Tag Archives: Christian


“May the righteous be glad and rejoice before God; may they be happy and thankful” (Psalm 68:3).

Last week, I shared with you three wonderful reasons why you should be a happy Christian. If you recall, they are:  We have been justified, and that we have peace, and access. Those alone are enough to make us extremely happy, but just in case you’re one of those hard-to-be-happy people, I’ll share two more reasons with you.

  1. We have grace. “We have access by faith into this grace in which we now stand” (Romans 5:2a). Grace is wonderful! It is the unmerited favor of God. That means you didn’t do anything to earn it. He saved you because he loves you and he loves you because it is in his nature to love everyone (John 3:16).
  2. We have joy. “We rejoice in the hope of a glorious God” (Romans 5:2b). We rejoice in the gift of God which we have received. We rejoice that we can now live a Godly life. We even can rejoice in suffering (Romans 5:3-5). People can be happy with little and miserable with much. One of the secrets of finding happiness and contentment is to think about all the things you have, not the things you don’t. Learn to be like Paul who said, “I have learned to be content whatever the circumstances” (Philippians 4:11). If you are a Christian, smile. You’ve got a lot to be happy about.

Robert Wilkerson is a minister, Christian writer, and co-founder of People for the Christian Way. drbobwilkerson@bellsouth.net   www.PeoplefortheChristianway.com


Reasons Churches Shouldn’t Be Taxed


A growing number of people in America seem to be church haters.  Their main spoken objections to churches is that they are tax exempt. However, there are at least five reasons why they should be exempt.

  1. Churches do not sell a product.
  2. They exist only on donations. The money given has already been taxed.
  3. They perform acts of charity. They feed, clothe, counsel, educate, and provide shelter, housing, and medical care for the poor and needy. They provide children’s homes and orphanages. They provide shelter and food for the homeless and helpless. Church members continuously give millions of unpaid, volunteer hours to hospitals and nursing homes. It is impossible to list all the good that is done by churches and their people. In recent years, churches have formed disaster relief teams and go into areas after floods, tornadoes, and other things and provide help that the government doesn’t. The Saddleback Church went into Louisiana after the Katrina disaster. They sent 17 semi truckloads of food, diapers, and formula to help the needy. Each Monday, they help 300-400 families with bags of groceries and do many other charitable things.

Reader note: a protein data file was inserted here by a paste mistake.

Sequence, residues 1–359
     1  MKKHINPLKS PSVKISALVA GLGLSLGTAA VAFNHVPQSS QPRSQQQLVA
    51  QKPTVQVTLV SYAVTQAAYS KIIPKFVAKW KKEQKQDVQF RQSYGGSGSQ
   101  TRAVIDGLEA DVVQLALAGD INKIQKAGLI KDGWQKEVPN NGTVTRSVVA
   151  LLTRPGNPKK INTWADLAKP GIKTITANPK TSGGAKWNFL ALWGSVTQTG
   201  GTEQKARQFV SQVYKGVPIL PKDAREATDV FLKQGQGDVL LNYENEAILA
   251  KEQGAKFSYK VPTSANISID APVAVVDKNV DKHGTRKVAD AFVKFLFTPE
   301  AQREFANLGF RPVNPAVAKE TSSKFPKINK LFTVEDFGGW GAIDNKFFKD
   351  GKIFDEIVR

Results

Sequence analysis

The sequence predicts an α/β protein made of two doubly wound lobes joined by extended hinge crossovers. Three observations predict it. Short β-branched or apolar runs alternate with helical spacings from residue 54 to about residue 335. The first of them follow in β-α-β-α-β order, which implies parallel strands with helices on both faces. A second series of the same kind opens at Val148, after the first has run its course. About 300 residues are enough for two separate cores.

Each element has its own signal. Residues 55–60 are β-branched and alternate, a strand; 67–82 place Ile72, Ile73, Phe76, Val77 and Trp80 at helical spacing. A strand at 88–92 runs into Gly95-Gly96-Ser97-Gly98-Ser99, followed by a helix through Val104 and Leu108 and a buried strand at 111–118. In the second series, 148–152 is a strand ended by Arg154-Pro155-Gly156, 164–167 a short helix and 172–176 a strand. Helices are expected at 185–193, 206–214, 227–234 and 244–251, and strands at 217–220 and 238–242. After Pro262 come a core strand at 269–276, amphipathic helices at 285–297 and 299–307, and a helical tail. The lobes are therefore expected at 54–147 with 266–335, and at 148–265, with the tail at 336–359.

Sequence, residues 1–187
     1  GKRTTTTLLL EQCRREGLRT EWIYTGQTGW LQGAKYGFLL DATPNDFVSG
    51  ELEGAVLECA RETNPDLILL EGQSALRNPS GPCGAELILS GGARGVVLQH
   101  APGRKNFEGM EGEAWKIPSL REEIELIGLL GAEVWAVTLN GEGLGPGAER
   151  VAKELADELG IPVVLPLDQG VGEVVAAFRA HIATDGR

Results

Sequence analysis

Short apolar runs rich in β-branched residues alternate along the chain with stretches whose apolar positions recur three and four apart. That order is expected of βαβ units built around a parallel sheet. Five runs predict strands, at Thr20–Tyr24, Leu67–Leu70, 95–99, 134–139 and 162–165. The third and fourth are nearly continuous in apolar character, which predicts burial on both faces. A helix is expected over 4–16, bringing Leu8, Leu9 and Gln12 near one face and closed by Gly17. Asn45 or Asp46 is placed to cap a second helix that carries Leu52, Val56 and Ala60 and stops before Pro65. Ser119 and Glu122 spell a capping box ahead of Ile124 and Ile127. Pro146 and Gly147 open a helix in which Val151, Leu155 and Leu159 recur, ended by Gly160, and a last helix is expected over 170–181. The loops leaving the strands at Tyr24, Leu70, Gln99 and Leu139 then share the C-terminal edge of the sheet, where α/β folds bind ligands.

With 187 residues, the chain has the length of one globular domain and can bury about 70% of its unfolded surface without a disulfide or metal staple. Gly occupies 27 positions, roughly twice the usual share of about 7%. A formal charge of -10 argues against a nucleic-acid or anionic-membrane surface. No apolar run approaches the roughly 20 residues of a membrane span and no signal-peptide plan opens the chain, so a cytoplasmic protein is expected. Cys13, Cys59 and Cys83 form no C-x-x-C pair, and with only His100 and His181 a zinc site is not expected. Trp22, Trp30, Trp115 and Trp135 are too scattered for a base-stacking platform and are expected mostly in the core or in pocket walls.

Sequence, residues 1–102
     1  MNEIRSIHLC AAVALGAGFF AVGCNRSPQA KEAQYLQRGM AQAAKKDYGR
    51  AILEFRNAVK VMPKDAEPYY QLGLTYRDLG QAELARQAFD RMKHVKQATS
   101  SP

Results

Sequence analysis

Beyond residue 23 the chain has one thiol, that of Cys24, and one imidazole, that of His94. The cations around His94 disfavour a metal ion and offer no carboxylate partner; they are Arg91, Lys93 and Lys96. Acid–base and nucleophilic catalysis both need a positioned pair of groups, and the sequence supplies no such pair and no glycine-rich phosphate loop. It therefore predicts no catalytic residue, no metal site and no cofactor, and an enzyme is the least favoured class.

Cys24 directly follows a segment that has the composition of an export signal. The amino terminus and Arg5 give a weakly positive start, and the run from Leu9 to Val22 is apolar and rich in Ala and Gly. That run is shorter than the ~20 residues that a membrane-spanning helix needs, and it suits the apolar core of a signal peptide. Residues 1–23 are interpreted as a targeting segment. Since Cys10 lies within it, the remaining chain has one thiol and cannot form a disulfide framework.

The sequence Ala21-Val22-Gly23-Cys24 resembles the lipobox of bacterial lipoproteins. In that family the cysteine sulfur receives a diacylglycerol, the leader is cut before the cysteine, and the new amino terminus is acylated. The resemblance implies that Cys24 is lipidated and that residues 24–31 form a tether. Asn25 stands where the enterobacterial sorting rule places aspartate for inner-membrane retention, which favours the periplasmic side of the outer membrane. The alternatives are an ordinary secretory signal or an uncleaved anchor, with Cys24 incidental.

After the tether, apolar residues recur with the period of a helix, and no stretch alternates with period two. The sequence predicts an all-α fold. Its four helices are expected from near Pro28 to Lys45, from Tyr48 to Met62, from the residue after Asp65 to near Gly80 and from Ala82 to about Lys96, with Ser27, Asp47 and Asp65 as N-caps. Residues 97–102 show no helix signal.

4. Any organization that exists off donations and does charitable work qualifies for tax exemption. If you take away that exemption from churches, fairness dictates that all charitable organizations should lose their exemptions as well. Wouldn’t that be a sad day?
  5. They make valuable contributions to society. Churches, synagogues, and mosques, through their teachings of the Law (The 10 Commandments), and love (the teachings of Jesus) contribute to the order and stability of society. Without such invisible under girding, people revert to the law of the jungle.

Robert Wilkerson is a minister, Christian writer and co-founder of People For the Christian Way.



Oh, You Can’t Get to Heaven

Can you remember that old song we sang as kids, “Oh, You Can’t Get to Heaven”? It listed several different ways you couldn’t (such as a motor car, a boat, etc.). It was sung in fun, but there are several ways adults try to get to heaven that won’t work, and one way that will.

You can’t get to heaven by following the law. The law is good as a guide, but the law can’t forgive. As the Bible says, “The law was given by Moses, but grace (God’s unearned favor) and truth came through Jesus Christ” (John 1:17).

You can’t get to heaven by following man. John the Baptist is referred to in the Bible as one of the greatest men, yet he said, “After me will come one more powerful than I, the thongs of whose sandals I am not worthy to stoop down and untie. I baptize you with water, but he will baptize you with the Holy Spirit” (Mark 1:7-8).

You can’t get to heaven by only belonging to a church. An old evangelist said going to a church doesn’t make you a Christian any more than going to a garage makes you an automobile. The question is not to what do you belong. It is to whom do you belong.

The one way that anyone and everyone, no matter how good or bad, can get to heaven is through Jesus Christ. He said plainly, “I am the way and the truth and the life. No one comes to the Father except through me” (John 14:6).

Have you found the way yet?


Dr. Robert Wilkerson is a minister and Christian writer. He is the founder of People For the Christian Way. He can be reached through peopleforthechristianway.com



The crucifixion of Christ was one of the cruelest acts of history, but from that evil act has come tremendous good. Christ crucified is one of the greatest revelation of God’s truth in the universe.
The crucified Christ reveals the reality of sin. For those who cannot see the consequences of sin in the lives of others, look at Christ on the cross. See that brow pierced by long cruel thorns. Sin did that. See those hands and feet pierced by huge nails. Sin did that. See the body of Christ twisting in agony and pain for hours that seemed to have no end. Sin did that. It was not Christ’s sin that caused Him such suffering and pain. It was our sins, yours, and mine. Upon the cross at Calvary, Christ took upon Himself the sins of the world. Sin brought suffering and death to God’s Son, Jesus Christ, and if it brought suffering and death to Him, it will most certainly bring it to us.